The Telegraph | October 2018 | Nursing home builds real-life 1950s memory lane to help dementia patients
Starting this week (3 October) residents at the Five Rise Nursing Home in Bingley can take a stroll down an artificial street designed to resemble how the West Yorkshire town looked in the 1950s.
The new-build home which cost £6m, is an innovation from twin brothers Danny and Damien Holt.
Damien, a psychiatric nurse, said: “People with advanced dementia can have very complex needs and we know how vital it is to provide plenty of mental stimulation in a safe, modern environment.
“Many of our residents have lived around Bingley for years.
“They remember it as it was.
“The purpose of our memory lane is to provide an attractive and interesting destination for the people we care for, offering reminiscence therapy to improve the psychological well being and quality of life for our residents.”( Source: The Telegraph)
The Housing Learning and Improvement Network (Housing LIN) have added a new viewpoint to their resource library which discusses when extra care housing is an appropriate choice for someone with dementia, and what factors might trigger someone living with dementia in extra care housing to move out.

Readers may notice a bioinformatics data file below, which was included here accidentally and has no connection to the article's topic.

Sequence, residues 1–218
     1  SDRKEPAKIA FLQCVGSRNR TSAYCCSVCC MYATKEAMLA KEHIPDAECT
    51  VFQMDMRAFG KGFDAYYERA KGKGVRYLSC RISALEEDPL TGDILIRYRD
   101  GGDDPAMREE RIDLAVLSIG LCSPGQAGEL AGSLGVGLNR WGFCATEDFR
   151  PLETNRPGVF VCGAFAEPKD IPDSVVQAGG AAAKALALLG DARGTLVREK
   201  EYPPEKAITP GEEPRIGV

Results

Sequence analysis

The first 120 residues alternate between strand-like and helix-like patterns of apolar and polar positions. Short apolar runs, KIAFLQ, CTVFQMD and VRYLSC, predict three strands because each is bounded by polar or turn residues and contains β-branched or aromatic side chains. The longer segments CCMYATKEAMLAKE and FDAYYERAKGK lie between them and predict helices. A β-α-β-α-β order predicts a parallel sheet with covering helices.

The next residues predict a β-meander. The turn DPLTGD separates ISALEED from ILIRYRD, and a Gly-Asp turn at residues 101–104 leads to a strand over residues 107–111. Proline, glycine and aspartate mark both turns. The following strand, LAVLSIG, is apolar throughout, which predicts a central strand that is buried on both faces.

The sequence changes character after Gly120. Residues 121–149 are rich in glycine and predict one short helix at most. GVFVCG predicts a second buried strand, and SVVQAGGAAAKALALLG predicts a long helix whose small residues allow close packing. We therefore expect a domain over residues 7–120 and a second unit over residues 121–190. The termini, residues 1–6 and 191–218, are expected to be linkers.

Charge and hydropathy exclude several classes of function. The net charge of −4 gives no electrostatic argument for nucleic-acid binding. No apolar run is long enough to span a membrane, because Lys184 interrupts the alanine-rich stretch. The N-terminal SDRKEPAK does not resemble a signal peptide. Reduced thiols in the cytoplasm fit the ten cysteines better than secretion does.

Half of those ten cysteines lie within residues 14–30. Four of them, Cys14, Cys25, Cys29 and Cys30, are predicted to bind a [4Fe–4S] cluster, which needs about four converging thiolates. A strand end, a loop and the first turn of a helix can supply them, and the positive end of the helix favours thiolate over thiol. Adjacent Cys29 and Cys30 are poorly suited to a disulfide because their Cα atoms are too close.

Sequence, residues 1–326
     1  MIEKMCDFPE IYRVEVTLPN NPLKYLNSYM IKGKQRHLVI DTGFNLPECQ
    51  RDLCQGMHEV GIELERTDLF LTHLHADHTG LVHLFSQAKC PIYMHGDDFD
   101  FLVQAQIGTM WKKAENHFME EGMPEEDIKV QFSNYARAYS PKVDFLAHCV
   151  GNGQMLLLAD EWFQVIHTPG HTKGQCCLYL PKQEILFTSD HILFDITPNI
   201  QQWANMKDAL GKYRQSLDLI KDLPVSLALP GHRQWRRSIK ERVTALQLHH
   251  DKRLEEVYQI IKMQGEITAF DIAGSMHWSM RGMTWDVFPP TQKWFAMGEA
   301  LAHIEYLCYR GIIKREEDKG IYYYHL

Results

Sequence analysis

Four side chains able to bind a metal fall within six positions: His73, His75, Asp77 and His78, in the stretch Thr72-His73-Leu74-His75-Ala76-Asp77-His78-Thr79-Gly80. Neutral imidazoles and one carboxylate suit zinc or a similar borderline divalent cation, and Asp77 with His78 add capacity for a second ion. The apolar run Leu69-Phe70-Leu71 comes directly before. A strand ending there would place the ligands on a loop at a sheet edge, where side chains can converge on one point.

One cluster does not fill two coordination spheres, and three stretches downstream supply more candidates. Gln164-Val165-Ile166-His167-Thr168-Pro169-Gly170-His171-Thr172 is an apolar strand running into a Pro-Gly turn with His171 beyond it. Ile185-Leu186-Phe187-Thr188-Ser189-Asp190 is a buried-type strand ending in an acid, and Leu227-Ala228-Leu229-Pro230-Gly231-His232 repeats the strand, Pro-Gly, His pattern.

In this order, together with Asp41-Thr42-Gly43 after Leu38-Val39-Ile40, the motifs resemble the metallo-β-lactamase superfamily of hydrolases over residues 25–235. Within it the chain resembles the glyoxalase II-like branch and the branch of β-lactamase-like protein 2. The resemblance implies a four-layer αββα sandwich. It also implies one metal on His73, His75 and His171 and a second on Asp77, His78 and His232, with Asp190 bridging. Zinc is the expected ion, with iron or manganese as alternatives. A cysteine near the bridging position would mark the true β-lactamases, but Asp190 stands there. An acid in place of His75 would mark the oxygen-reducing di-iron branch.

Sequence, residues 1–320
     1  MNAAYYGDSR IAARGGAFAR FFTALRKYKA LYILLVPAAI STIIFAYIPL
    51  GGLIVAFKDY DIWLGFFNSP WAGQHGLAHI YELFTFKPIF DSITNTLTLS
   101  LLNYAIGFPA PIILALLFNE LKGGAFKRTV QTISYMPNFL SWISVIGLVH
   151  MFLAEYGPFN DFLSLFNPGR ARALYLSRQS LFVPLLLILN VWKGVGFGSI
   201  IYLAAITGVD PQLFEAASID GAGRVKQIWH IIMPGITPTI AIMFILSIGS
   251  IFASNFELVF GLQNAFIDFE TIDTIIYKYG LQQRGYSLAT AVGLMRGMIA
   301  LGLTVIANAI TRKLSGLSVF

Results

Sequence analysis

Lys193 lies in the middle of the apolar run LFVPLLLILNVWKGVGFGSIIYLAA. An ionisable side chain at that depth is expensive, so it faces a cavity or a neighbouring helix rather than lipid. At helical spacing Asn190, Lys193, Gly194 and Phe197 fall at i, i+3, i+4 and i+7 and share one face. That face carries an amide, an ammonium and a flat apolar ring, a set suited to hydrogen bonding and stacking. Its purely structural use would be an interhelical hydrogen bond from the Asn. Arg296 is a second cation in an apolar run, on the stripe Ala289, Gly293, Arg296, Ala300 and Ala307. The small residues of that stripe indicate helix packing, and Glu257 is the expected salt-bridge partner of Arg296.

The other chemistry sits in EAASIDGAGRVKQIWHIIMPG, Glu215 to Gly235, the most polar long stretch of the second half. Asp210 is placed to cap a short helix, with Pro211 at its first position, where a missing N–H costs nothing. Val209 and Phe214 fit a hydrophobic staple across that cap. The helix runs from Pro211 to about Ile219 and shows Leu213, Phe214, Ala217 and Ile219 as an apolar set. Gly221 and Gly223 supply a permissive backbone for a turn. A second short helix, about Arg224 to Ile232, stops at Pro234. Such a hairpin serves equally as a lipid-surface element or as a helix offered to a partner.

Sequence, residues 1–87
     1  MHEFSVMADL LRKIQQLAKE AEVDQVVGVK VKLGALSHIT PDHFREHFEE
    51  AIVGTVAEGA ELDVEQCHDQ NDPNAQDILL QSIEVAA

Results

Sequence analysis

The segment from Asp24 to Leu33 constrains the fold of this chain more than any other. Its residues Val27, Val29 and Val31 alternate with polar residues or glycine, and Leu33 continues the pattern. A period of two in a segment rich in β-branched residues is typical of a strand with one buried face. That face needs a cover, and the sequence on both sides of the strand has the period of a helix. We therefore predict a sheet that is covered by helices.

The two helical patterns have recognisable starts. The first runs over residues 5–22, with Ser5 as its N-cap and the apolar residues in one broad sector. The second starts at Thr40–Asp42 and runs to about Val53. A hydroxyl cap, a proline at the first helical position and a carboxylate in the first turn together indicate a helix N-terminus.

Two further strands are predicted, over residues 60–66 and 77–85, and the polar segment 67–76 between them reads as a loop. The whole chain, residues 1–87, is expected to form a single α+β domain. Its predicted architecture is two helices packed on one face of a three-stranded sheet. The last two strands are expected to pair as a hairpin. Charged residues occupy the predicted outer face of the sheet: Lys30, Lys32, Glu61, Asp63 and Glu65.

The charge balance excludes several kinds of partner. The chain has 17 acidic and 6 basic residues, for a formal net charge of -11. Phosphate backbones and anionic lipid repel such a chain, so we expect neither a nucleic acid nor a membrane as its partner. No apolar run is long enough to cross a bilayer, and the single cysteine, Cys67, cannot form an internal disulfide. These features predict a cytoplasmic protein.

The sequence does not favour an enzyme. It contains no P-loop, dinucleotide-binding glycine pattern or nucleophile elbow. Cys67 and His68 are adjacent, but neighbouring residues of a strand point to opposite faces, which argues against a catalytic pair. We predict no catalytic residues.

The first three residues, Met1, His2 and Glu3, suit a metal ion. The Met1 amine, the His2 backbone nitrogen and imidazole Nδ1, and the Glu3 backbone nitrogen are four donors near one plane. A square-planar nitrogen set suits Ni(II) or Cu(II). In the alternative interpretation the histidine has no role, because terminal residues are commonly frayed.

NICE want to hear about the 5 key areas for quality improvement which you consider as having the greatest potential to improve the quality of care in this area. Tell NICE about the 5 key areas for quality improvement which you consider as having the greatest potential to improve the quality of care in this area (NICE).
Today, 21 September 2018, is World Alzheimer’s Day. Coinciding with this, Alzheimer’s Disease International have released the World Alzheimer Report 2018: The State of the art of dementia research: New frontiers.
This report is written to be of appeal to a broad audience including governments and policymakers, academics and researchers and the general public with an interest in dementia.
Essentially the report is an overview of where we are currently: the hopes and frustrations, the barriers, the enablers and the ground-breaking work being undertaken.
The report’s key calls-to-action:
Improving the sharing, using and disseminating of data and using registries in the best possible way.
A minimum 1% of the societal cost of dementia to be devoted to funding research in: basic science, care improvements, prevention and risk reduction, drug development and public health.
Attracting researchers and skill to the sector
Increasing the scale of new research with the global ratio of publications on neurodegenerative disorders versus cancer at just 1:12